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Cancer immunotherapy researchers awarded 2018 Nobel Prize in Medicine

Christina Lau
04 Oct 2018
2018 Nobel Prize in Medicine awarded to Dr James Allison (left) and Dr Tasuku Honjo (right)

The 2018 Nobel Prize in Medicine is awarded to two researchers who discovered thatthe cytotoxic T-lymphocyte–associated antigen 4 (CTLA-4) and programmed cell death-1 (PD-1) proteins limit the ability of T cells to attack cancer cells. Their discovery led to the development of immune checkpoint inhibitors that have revolutionized cancer treatment.

Dr James Allison of the University of Texas MD Anderson Cancer Center in Houston, Texas, US, discovered the CTLA-4 protein. He then developed an antibody against CTLA-4 and performed the first experiment on its antitumour activity in mice with cancer in 1994. Despite lukewarm interest from the pharmaceutical industry initially, Allison persisted in his efforts to develop the strategy into a therapy for humans. Promising results were soon reported by several groups, with a landmark clinical trial in 2010 showing significant efficacy in patients with advanced melanoma.

Dr Tasuku Honjo of the Kyoto University, Japan, discovered the PD-1 protein in 1992. With animal studies performed by his team and other groups showing promise, the strategy of PD-1 blockade in cancer treatment soon proceeded to clinical development. In 2012, a key study showed that treatment with an antibody against PD-1 provided long-term remission in patients with several types of metastatic cancer.

The anti–CTLA-4 therapy ipilimumab and anti–PD-1 therapies nivolumab and pembrolilzumab were subsequently approved for use in cancer patients. In clinical trials and clinical practice, these therapies have significantly improved the outcomes of patients with advanced cancers including melanoma, non-small-cell lung cancer, renal cell carcinoma, squamous carcinoma of the head and neck, hepatocellular carcinoma, and urothelial carcinoma. Other immunotherapies, such as durvalumab, atezolizumab and avelumab, have also become available recently.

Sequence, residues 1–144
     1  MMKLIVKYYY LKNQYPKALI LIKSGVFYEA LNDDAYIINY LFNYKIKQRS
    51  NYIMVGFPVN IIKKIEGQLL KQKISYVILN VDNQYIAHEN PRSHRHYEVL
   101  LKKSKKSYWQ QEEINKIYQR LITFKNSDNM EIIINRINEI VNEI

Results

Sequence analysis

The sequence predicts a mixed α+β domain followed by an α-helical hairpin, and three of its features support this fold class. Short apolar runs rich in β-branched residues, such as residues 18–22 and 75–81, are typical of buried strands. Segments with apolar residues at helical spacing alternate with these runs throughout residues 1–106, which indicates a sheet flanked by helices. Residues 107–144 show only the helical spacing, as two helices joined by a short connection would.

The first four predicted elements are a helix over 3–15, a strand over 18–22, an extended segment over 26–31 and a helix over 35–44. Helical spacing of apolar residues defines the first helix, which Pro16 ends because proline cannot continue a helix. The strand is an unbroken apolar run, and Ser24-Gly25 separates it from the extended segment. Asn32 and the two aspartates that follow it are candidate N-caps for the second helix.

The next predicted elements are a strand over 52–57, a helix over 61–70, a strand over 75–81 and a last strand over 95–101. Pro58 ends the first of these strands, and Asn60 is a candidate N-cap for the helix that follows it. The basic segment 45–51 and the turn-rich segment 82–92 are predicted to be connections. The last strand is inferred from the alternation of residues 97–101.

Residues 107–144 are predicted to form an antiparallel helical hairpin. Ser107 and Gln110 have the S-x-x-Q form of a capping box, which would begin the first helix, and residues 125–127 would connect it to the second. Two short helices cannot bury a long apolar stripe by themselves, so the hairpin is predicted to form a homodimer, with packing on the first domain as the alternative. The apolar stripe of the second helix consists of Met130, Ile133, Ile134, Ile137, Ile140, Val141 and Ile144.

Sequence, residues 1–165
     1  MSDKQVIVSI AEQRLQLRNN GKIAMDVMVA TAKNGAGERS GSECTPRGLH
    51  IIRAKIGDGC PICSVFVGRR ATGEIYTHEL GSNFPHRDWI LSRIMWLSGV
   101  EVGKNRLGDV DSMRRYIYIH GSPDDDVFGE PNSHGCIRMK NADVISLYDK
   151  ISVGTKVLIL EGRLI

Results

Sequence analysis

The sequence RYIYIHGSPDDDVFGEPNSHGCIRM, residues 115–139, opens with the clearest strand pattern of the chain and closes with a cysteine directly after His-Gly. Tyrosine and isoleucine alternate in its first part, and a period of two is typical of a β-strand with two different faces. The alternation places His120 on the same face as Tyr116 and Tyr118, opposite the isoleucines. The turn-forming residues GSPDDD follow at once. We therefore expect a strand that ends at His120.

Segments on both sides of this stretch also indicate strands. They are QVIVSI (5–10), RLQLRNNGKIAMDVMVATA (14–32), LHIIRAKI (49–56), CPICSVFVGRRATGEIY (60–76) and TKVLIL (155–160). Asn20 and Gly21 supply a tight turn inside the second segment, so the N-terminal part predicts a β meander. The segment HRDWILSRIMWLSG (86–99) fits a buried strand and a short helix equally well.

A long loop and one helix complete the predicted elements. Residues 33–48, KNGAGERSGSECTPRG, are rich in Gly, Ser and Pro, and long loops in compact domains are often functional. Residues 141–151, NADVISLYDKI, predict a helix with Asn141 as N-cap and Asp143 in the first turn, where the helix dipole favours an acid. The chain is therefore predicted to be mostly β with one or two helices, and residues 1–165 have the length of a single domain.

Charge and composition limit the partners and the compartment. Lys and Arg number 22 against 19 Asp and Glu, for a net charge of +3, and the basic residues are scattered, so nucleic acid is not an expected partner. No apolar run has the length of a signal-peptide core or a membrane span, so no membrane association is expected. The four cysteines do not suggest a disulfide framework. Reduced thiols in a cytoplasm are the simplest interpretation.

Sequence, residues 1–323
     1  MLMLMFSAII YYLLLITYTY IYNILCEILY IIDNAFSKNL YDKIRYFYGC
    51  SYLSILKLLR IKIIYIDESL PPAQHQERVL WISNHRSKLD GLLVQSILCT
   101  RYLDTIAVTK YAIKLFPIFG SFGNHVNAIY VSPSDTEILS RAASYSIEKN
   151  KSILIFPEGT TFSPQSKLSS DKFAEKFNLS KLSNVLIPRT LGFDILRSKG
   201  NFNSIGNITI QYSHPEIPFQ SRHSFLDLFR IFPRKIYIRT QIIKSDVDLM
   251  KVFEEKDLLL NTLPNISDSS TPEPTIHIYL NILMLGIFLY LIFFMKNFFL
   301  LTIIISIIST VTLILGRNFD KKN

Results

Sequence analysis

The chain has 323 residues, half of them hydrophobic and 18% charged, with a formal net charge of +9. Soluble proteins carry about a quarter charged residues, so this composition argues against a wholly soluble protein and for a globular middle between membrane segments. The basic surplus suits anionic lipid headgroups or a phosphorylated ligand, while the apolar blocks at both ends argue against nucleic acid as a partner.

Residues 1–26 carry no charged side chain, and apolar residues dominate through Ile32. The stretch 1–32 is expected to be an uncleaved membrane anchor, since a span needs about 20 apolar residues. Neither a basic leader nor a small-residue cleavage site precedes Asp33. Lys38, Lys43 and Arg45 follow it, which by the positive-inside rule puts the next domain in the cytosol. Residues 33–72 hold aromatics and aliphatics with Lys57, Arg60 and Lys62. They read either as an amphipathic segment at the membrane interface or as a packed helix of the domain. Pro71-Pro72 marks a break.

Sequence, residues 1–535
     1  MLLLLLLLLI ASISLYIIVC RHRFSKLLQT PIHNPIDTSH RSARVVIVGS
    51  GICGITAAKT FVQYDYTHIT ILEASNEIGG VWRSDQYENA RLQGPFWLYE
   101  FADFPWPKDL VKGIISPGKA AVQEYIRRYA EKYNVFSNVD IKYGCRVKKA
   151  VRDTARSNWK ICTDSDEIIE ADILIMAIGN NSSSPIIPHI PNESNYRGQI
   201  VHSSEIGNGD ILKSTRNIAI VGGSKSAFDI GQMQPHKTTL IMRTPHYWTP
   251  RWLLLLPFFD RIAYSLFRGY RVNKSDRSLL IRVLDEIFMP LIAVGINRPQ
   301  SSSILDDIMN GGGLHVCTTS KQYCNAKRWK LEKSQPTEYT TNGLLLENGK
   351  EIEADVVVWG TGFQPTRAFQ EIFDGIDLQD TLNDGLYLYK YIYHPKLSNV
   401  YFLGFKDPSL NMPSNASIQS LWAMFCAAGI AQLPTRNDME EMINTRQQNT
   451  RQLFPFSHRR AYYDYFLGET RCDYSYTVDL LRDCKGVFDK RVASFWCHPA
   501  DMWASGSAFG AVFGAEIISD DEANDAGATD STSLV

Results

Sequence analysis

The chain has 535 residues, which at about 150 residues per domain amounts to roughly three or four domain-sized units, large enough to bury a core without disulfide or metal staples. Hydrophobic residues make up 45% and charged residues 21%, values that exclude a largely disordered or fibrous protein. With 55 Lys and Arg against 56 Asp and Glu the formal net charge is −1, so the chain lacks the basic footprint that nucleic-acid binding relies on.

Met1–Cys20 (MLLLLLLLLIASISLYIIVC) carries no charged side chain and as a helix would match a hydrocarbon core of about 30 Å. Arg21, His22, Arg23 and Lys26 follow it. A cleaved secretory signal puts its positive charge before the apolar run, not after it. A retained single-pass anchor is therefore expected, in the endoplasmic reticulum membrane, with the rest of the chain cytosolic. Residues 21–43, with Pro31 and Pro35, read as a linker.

Current studies are evaluating the combination of anti–CTLA-4 and anti–PD-1 therapies and their combinations with other treatment modalities in various types of cancer.

Other cancer therapies have previously been awarded Nobel Prizes, including hormonal treatment for prostate cancer in 1966, chemotherapy in 1988, and bone marrow transplantation in 1990.
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Most Read Articles
6 days ago
Older women with longer endogenous oestrogen exposure and hormone therapy use are at much higher odds of having favourable cognitive status in late life, a recent study suggests.
4 days ago
In patients with atrial fibrillation (AF) and stable coronary artery disease (CAD), rivaroxaban monotherapy is noninferior to combination treatment with an antiplatelet therapy in terms of cutting the risk of cardiovascular events and mortality, according to data from the AFIRE trial.
Elvira Manzano, 5 days ago
Supplementation with omega-3 fatty acids or vitamin D3 for up to 5 years has no effect on kidney function in adults with type 2 diabetes (T2D), the VITAL-DKD* ancillary study has shown.
Jairia Dela Cruz, 2 days ago
Many patients with nonvalvular atrial fibrillation (NVAF) in Thailand use anticoagulants, but the uptake of nonvitamin-K oral anticoagulants remains suboptimal despite showing an upward trend, according to data from the COOL-AF registry presented at the European Society of Cardioloy (ESC) Asia Congress 2019 with APSC and AFC.